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Massachusetts to shut schools, ban dining out, gatherings of 25-plus to fight virus

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BOSTON — Schools in Massachusetts will close for at least three weeks, and all gatherings of more than 25 people will be banned in the latest attempt to arrest the spread of the coronavirus, Gov. Charlie Baker announced Sunday.

The governor also ordered all dine-in restaurants and bars to close for three weeks. Take-away and delivery services won't be affected by the rules, nor will grocery stores or pharmacies.

"I realize these measures are unprecedented," Baker, a Republican, said at a news conference announcing the directives. "But we're asking our residents to take a deep breath and understand the rationale behind this guidance."

Classes were already suspended in many parts of the state, including Boston. Some districts are holding classes on Monday to give students a chance to retrieve belongings and pick up materials for home instruction.

The restrictions on gatherings will apply to any event that brings 25 or more people together in the same space and will apply to churches, gyms, theaters and workplaces. The order goes into effect Tuesday and will run through April 5.

Total cases

On Sunday, the state reported it has 164 cases of COVID-19, the illness caused by the virus. That was an increase of 26 over the day before.

Of the cases, 108 were associated with a meeting of executives of the firm Biogen at a Boston hotel last month.

The Vermont Department of Public Health announced three new cases in that state, which included two Massachusetts residents: a male resident of Berkshire County, who is in his 70s; and a male in his 50s from Suffolk County. The Berkshire County resident is receiving treatment at Southwestern Vermont Medical Center, while the Suffolk County resident is self-isolating at a home in Vermont, the health department said.

Baker debunks quarantine rumors

Baker, a Republican, said he's heard false rumors that the state will announce a broad quarantine for all residents Monday. He said it's one example of the misinformation about coronavirus circulating online.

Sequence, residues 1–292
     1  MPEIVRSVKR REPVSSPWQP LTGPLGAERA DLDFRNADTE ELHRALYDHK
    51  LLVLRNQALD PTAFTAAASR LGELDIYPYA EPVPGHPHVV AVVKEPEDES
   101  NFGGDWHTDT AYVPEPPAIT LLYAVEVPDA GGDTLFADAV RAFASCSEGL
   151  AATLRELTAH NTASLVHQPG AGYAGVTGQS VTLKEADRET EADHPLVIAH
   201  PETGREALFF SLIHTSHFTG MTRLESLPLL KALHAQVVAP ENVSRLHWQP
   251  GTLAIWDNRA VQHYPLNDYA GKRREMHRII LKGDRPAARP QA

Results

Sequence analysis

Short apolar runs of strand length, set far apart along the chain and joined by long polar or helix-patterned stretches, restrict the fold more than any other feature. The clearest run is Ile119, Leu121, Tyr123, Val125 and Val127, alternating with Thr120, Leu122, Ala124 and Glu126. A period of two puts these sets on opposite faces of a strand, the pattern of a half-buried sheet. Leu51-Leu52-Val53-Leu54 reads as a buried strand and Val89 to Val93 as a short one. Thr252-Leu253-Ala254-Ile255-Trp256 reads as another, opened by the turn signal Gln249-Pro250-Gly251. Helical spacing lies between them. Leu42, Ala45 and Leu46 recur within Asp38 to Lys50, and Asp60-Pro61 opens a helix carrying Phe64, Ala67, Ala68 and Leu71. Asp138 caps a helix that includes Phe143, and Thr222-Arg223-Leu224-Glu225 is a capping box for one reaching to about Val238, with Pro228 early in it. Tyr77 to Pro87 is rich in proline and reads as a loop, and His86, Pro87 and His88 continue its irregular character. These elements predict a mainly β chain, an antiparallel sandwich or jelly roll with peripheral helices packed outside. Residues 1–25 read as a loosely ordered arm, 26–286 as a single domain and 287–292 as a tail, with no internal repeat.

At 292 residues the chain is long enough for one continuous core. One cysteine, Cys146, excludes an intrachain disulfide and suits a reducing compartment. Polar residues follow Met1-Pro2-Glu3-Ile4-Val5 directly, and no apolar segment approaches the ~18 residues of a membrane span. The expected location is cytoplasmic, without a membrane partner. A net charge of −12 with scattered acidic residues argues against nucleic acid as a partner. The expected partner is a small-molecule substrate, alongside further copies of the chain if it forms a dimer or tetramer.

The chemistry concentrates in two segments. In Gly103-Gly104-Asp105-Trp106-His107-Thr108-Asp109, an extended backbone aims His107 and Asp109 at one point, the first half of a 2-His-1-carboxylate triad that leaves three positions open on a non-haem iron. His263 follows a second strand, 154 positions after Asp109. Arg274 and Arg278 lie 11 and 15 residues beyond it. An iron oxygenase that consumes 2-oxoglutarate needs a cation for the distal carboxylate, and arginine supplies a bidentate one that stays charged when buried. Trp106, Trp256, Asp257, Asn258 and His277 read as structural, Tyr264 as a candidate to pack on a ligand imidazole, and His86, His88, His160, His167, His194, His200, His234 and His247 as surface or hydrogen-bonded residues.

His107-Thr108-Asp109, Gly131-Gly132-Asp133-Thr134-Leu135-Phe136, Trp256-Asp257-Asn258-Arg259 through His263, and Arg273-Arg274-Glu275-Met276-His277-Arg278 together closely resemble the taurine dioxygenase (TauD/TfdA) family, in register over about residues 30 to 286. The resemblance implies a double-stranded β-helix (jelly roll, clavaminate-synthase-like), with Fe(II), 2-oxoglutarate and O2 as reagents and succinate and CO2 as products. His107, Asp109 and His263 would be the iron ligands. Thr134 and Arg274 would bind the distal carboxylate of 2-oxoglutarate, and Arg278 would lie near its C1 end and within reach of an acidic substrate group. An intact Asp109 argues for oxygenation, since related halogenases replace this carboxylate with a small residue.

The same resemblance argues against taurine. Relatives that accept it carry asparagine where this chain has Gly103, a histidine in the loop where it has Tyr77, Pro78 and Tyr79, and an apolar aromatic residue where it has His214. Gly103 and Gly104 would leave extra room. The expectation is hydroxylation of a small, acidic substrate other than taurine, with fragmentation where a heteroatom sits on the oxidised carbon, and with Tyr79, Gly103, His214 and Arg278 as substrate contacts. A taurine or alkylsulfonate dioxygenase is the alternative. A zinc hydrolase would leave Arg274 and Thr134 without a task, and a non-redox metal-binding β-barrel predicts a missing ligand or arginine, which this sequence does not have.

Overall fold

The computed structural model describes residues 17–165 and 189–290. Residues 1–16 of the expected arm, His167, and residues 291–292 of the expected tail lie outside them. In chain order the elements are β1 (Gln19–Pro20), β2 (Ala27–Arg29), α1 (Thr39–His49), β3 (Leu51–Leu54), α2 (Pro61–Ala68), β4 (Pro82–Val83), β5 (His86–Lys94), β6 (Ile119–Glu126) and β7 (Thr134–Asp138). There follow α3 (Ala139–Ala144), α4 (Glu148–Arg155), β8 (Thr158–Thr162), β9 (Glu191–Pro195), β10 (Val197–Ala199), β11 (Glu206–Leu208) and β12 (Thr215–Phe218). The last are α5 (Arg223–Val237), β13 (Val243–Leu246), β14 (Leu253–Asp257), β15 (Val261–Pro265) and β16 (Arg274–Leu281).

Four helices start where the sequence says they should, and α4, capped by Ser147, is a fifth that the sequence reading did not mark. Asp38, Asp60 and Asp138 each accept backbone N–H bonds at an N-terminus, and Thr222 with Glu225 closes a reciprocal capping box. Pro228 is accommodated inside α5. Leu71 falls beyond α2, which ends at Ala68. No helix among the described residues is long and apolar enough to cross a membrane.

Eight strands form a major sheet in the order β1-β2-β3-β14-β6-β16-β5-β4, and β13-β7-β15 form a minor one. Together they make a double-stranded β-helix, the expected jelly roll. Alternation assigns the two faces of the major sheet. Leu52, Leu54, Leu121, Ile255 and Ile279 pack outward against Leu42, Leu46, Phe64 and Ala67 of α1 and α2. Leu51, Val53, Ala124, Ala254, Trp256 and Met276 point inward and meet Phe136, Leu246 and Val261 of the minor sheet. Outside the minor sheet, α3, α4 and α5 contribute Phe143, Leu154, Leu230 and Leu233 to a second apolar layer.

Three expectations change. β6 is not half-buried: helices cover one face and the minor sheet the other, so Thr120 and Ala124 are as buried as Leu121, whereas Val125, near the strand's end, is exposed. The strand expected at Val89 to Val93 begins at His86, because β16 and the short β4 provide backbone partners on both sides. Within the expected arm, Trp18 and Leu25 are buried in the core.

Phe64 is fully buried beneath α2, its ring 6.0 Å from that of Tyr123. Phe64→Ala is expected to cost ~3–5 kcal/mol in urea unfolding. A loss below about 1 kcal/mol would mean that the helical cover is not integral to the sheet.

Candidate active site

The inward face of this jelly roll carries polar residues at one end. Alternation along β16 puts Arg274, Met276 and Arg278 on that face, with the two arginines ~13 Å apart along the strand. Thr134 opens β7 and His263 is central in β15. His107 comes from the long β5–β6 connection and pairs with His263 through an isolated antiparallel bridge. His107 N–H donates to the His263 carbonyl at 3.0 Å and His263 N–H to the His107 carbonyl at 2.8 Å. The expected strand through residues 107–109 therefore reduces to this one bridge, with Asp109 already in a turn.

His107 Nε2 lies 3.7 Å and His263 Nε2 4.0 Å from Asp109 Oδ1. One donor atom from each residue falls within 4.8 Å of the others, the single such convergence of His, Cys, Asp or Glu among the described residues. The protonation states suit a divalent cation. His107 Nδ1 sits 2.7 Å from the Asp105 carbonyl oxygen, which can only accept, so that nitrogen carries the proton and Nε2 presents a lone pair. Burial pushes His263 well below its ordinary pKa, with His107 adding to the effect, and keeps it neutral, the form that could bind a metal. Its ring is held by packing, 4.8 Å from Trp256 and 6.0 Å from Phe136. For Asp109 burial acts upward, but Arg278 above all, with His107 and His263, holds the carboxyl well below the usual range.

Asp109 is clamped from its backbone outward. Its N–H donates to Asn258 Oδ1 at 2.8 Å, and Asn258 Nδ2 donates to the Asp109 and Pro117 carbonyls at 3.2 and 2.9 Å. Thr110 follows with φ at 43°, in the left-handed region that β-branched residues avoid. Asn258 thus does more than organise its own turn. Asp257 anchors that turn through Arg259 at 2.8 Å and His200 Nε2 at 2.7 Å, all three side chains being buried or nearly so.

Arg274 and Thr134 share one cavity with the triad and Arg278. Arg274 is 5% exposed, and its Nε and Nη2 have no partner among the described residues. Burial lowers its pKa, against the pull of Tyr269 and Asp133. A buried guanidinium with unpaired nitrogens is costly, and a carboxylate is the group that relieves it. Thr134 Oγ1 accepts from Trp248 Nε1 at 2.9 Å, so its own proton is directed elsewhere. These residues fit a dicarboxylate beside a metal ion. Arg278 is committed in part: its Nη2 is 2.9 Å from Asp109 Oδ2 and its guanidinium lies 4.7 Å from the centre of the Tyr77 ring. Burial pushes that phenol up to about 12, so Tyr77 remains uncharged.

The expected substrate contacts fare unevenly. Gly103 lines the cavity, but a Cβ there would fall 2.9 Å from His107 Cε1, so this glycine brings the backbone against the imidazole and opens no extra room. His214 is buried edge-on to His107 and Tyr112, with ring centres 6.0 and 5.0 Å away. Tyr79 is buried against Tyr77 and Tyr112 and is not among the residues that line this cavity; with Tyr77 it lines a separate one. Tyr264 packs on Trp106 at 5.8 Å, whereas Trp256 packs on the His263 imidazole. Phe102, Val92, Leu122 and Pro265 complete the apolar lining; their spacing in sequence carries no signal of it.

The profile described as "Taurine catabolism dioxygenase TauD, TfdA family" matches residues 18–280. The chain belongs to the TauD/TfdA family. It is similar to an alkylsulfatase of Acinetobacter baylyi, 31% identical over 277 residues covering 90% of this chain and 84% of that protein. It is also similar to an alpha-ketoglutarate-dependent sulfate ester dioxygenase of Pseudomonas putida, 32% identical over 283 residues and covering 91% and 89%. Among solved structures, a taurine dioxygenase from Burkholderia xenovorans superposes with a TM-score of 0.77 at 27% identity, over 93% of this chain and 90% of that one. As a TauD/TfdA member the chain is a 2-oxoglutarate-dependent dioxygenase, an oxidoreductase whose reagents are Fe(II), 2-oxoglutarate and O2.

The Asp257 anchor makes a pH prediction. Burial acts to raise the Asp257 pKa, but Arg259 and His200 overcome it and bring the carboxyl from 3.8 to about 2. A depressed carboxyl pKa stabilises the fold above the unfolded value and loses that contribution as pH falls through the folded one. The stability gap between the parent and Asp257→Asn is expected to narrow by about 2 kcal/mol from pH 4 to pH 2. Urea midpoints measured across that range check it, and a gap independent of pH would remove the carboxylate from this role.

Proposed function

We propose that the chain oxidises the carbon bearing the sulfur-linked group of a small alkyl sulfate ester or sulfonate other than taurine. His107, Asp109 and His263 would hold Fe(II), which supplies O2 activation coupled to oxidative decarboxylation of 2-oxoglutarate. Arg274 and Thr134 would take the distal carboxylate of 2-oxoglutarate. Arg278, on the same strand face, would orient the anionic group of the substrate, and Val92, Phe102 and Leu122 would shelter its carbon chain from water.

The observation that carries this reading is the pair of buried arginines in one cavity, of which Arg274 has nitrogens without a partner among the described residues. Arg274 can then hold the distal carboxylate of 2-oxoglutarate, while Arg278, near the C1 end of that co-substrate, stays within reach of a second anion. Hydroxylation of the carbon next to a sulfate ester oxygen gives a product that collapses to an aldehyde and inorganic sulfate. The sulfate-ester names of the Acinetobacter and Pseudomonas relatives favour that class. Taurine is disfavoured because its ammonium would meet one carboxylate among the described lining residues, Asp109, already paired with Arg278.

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"We have no plans to do that," he said of the rumored quarantine during an interview on WCVB-TV Sunday.

Baker urged residents to check trusted sources — government or legitimate news organizations — for the latest information on the virus.

Health worker infected

A health care worker at Boston's Brigham and Women's Hospital has tested positive for the coronavirus.

In a statement, the hospital said that patients and staff who may have had contact with the infected worker are being contacted. Brigham and Women's did not specify where the employee worked.

"The Brigham Health community has been preparing for this eventuality and has taken every precaution to protect our patients, their loved ones and our staff during this unprecedented pandemic," a hospital spokesperson wrote in the statement emailed to reporters.

Death on flight to Boston

Officials say a man who died while on a flight from Dubai to Boston will be tested for the coronavirus.

The 59-year-old Worcester resident had traveled to India this month and was returning Friday following a layover in Dubai. During the flight, authorities in Boston were notified of a passenger in cardiac arrest. The man was pronounced dead soon after landing.

The man had gastrointestinal illness in the days before his death, according to Massachusetts State Police.

While the man's symptoms weren't consistent with consistent with coronavirus, authorities say he will be tested because of his recent travel.

According to the State Police, 322 passengers and 18 crew members were aboard the flight, Emirates EK237.


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